Blepharospasm is a condition of the eye which causes involuntary, abnormal blinking and spasms of the eyelids. Although the direct cause of Blepharospasm is not known, medical experts suggest the condition is caused by the abnormal function of the basal ganglion, the part of the brain which controls muscles. Recently on our disability forum a user asked, I have severe blepharospasms and have difficulty performing work. Can I qualify for Social Security Disability Insurance for my condition?
Symptoms of Blepharospasms
If you suffer from blepharospasm the condition may have appeared without warning, and it may be accompanied by the following:
Sensitivity to bright lights
Inability to stay focused
Unnatural lip movements including grimacing and puckering
Treatment options for Blepharospasms
Unfortunately, there is no known treatment for this condition, although some options may exist to reduce the severity of your condition. For example, some medical experts have successfully helped claimants suffering with blepharospasm by injecting Botox into the muscles surrounding the eyelids or using Botulinum toxin to paralyze the eyelid muscles. The most severe cases may also be treated with surgery. Other options may include chiropractic treatment, nutritional changes, acupuncture, and hypnosis, although there is some disagreement about the effectiveness of these alterative treatment options.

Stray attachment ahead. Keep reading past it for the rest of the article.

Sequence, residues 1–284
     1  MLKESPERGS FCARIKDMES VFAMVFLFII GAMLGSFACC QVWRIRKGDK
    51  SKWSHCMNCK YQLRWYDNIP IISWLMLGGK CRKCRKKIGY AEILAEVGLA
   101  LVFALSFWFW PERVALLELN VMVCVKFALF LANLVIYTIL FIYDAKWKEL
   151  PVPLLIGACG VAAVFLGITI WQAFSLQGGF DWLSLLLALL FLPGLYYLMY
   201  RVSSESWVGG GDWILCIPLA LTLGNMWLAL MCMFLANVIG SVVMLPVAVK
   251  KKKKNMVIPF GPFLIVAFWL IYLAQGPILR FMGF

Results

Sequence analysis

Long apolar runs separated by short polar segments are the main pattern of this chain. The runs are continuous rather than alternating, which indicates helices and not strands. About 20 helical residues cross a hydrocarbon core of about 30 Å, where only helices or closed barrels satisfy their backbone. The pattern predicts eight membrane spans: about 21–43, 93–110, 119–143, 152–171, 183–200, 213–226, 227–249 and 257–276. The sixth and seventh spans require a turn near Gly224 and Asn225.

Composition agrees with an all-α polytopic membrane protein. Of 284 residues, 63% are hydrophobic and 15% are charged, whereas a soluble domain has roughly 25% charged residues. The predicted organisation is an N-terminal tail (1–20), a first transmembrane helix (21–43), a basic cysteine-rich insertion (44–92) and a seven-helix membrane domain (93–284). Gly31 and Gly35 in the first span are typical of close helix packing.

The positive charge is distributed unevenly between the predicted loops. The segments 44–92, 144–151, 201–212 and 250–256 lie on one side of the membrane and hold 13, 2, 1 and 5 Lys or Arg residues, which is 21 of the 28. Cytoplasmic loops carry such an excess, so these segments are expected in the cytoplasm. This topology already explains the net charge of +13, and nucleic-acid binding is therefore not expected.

Without treatment Blepharospasm can get worse, although it generally reaches its worst level of severity within a few months. Some patients, however, may experience continuous degeneration and may experience issues throughout their lower face, body or neck.
SSDI benefits and Blepharospasms
To qualify for SSDI benefits for any condition you will have to meet certain medical and nonmedical requirements. For instance, you will need to have enough work credits to be considered insured for SSDI benefits, you cannot be working and making too much money when you apply for SSDI, your condition will have to last for at least 12 continuous months, and your condition will have to be so severe that you cannot perform substantial gainful activity.
Determining disability for blepharospasm
To make the disability determination the SSA will review whether your condition is listed on their SSA Listing of Impairments under 2.00 Special Senses and Speech. Blepharospasm is not currently listed in this section so you will have to prove your condition is a severe as a listed condition and its corresponding symptoms.
If your blepharospasm does not meet or exceed a listing you will have to prove you do not have the residual capacity to work. This is done through the medical vocational allowance process. Because the disability determination is made based solely on the medical evidence you provide to the SSA, you will need to have discussions with your doctor about your daily living limitations, daily changes of your condition, accommodations, and your functional limitations to work.
You will also need to have objective medical evidence for your condition including a visual acuity tests, visual range tests, comments about photophobia (light sensitivity), and what activities may precipitate or aggravate the symptoms. The goal of your medical evidence is to prove that although your condition may not meet or exceed a listing, for all intensive purposes, you are functionally blind and cannot work.